Is Beekeeping on a Homestead a Good Choice?

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I have long had an orchard and garden at our current home, and intend to greatly expand these areas on our homestead. In recent years I have noticed a reduction in the numbers of honey bees visiting my orchard and garden and have been concerned about the potential decrease in yields due to lack of pollinators. When trying to produce even more food for sale, the issue of pollination becomes very critical to success. This concern, an enjoyment of honey, and a general interest in bees, lead us to consider beekeeping as an adjunct to our homestead.

We began exploring the concept of beekeeping only recently, but quickly discovered the great wealth of information concerning beekeeping that is available online. A good starting point for learning about bees is BeeMaster.com which presents an entry level beekeeping course with pictures, links, and information about what is entailed in the enterprise. Another helpful site has been the Mid-Atlantic Apiculture Research And Extension Consortium.

A major concern of mine is to produce food without using poisons. Like any other livestock, bees are subject to certain illnesses and problems. I have begun researching organic treatments for their various problems. I found what appears to be some promising research regarding the natural treatment of mites in honeybees that homesteaders considering beekeeping might want to look into. This research suggests using mite screens, grease patties, and essential oils to help prevent mite infections, and we intend to follow this course of prevention with our bees. For foulbrood, one can do what people did before antibiotics (and antibiotic resistant foulbrood): inspect hives, never exchange equipment that is not scrupulously clean, scrupulously clean feeding equipment, avoid open feeding, and select for resistance amongst bees.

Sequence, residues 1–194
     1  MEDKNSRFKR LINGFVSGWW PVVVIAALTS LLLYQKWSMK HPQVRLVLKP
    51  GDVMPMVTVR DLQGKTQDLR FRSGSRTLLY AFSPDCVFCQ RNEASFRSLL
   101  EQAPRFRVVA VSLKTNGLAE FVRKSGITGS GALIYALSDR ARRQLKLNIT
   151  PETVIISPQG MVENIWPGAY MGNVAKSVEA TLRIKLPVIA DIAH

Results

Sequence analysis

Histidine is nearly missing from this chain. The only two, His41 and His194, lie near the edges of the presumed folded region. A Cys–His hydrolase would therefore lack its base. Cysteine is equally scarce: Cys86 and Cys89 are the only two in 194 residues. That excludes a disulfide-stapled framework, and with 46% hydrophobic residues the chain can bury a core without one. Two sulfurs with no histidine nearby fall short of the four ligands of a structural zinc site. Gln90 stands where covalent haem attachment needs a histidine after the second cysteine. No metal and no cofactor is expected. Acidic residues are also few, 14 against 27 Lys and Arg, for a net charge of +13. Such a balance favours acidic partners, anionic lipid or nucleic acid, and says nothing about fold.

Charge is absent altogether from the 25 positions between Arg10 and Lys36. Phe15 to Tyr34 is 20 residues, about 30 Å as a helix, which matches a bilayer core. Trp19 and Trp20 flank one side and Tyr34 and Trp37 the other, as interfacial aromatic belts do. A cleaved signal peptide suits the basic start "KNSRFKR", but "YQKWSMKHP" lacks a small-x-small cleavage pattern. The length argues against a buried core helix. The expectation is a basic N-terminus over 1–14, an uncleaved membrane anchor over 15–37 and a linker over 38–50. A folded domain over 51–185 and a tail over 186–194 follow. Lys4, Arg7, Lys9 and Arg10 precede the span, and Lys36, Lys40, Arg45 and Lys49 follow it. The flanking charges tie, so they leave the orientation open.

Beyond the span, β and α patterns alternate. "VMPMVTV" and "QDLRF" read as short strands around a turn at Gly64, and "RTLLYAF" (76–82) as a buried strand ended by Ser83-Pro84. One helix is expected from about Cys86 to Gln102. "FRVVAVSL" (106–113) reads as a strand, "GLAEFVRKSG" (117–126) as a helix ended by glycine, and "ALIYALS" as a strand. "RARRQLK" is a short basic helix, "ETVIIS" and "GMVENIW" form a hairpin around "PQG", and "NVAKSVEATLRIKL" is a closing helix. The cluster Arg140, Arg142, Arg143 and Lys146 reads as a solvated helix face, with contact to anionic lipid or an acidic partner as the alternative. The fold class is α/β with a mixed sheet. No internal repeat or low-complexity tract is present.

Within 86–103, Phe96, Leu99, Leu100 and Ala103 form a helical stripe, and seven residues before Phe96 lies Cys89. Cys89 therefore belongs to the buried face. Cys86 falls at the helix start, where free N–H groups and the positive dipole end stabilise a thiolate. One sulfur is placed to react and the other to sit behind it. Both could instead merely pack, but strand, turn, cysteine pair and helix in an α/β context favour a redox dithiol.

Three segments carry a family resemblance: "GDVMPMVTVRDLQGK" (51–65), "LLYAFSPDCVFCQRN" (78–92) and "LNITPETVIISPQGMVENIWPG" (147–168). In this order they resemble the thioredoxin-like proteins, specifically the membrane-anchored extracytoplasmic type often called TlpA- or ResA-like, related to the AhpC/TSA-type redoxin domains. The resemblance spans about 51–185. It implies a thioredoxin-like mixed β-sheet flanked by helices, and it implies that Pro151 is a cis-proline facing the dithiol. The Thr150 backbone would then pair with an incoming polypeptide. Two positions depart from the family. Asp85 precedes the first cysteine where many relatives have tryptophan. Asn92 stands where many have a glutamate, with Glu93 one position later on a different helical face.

The equipment needs for homestead beekeeping are not great. A hive is obviously needed, generally consisting of a bottom board, two deep brood chambers, an excluder, two to four shallow hive bodies (also called supers), and a cover. The starting tools are quite simple: a bee brush, hive tool, and smoker. While some brave people handle their bees without special protective gear, those like me with less courage will probably want a helmet, veil, jacket, and gloves. There are a number of equipment suppliers, including Dadant, Inc. and Bee-Commerce.com among others that will ship directly to your door.

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